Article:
Nickel Belt MPP France Geli­nas, in whose rid­ing the Wen­bornes live, said the sit­u­a­tion is un­fair on many lev­els.

“Who knows that if some­thing hap­pened in an­other prov­ince that cost $12,000, which is a med­i­cal emer­gency to keep you alive and you will get a bill, I guar­an­tee no­body knows that,” she said. “We are Cana­dian. The pro­gram that de­fines us is medi­care. That means your care is based on needs, not on abil­ity to pay. We have in­ter-pro­vin­cial agree­ments so it doesn’t mat­ter as a Cana­dian whether I’m On­tar­ian. I can travel to any other prov­ince and medi­care will cover me. This is what ev­ery­body be­lieves. But medi­care has changed since it was in­tro­duced by Tommy Dou­glas.”

For one thing, Geli­nas said, there were no air am­bu­lances in Dou­glas’ day. She called the agree­ments and leg­is­la­tion that cover health care and am­bu­lance ser­vice ar­chaic.

Within the Nickel Belt rid­ing, Geli­nas said five fam­i­lies who have been slapped with bills re­lated to med­i­cal care have ap­proached her.

“If it’s hap­pened to five peo­ple in Nickel Belt, I’m guess­ing it’s hap­pen­ing to a few other peo­ple,” she said. “No­body knows about it, no­body talks about it.”

Geli­nas said in­ter-pro­vin­cial ac­cords need to be up­dated. She plans to bring the mat­ter to Queen’s Park.

“It needs to get done now; the sooner, the bet­ter,” she said. “So that fam­i­lies don’t end up with $12,000 or $18,000 bills that frankly, you should not have to pay. It was an emer­gency; it was med­i­cally nec­es­sary. … We should not stick them with a $12,000 bill af­ter­wards. If it’s cov­ered within your own prov­ince, it should be cov­ered when you’re in an­other prov­ince.”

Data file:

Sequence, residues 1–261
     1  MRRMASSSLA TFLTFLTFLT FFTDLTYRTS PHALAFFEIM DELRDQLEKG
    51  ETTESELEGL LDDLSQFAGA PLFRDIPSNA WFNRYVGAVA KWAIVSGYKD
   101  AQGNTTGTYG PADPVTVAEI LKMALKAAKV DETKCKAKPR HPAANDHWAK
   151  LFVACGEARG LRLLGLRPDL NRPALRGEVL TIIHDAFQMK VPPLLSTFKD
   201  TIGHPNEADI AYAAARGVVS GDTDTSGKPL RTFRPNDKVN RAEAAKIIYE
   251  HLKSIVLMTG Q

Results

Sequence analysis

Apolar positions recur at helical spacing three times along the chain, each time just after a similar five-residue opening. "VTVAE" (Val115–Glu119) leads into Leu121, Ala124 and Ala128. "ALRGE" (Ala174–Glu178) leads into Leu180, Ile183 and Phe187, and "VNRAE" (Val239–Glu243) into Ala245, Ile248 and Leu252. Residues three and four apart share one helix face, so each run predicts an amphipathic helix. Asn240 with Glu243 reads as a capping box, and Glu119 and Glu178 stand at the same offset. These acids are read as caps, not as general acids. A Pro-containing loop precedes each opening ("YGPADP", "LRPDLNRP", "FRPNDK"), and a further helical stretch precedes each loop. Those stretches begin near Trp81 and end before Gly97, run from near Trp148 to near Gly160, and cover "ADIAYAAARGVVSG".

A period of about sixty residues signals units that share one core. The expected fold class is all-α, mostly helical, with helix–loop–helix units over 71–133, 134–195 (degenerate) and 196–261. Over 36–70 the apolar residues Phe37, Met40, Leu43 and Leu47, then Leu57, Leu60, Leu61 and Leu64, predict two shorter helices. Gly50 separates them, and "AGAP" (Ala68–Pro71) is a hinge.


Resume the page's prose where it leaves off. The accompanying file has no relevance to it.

Wen­borne said, quite sim­ply, his wife’s life de­pended on that air am­bu­lance.

“Erla’s life prob­a­bly de­pended on that flight,” he told the re­view board. “It is also prob­a­bly worth not­ing that if Erla’s heart at­tack had oc­curred in most of ru­ral On­tario, air am­bu­lance ser­vice would have been re­quired.”

De­spite their un­for­tu­nate ex­pe­ri­ence, the Wen­bornes say they plan to con­tinue trav­el­ling to Nova Sco­tia.

“My wife’s got a brother and a sis­ter there, and we like to visit Nova Sco­tia. Many, many years ago, I was sta­tioned in Syd­ney when I was in the air force. That’s where I met my wife,” he said. “Nova Sco­tia is a very im­por­tant part of the coun­try, as far as I’m con­cerned. We love to travel down there.”


Dean Wen­borne ad­dresses me­dia af­ter a hear­ing Thurs­day, dur­ing which he was ask­ing the Min­istry of Health and Long-Term Care to pay all or part of a $12,000 bill for an air am­bu­lance his wife re­quired while they were vis­it­ing fam­ily in Nova Sco­tia.


Nickel Belt MPP France Geli­nas speaks with Dean and Erla Wen­borne fol­low­ing their hear­ing Thurs­day at which they were ask­ing the prov­ince to cover the costs for a $12,000 bill they re­ceived for an air am­bu­lance.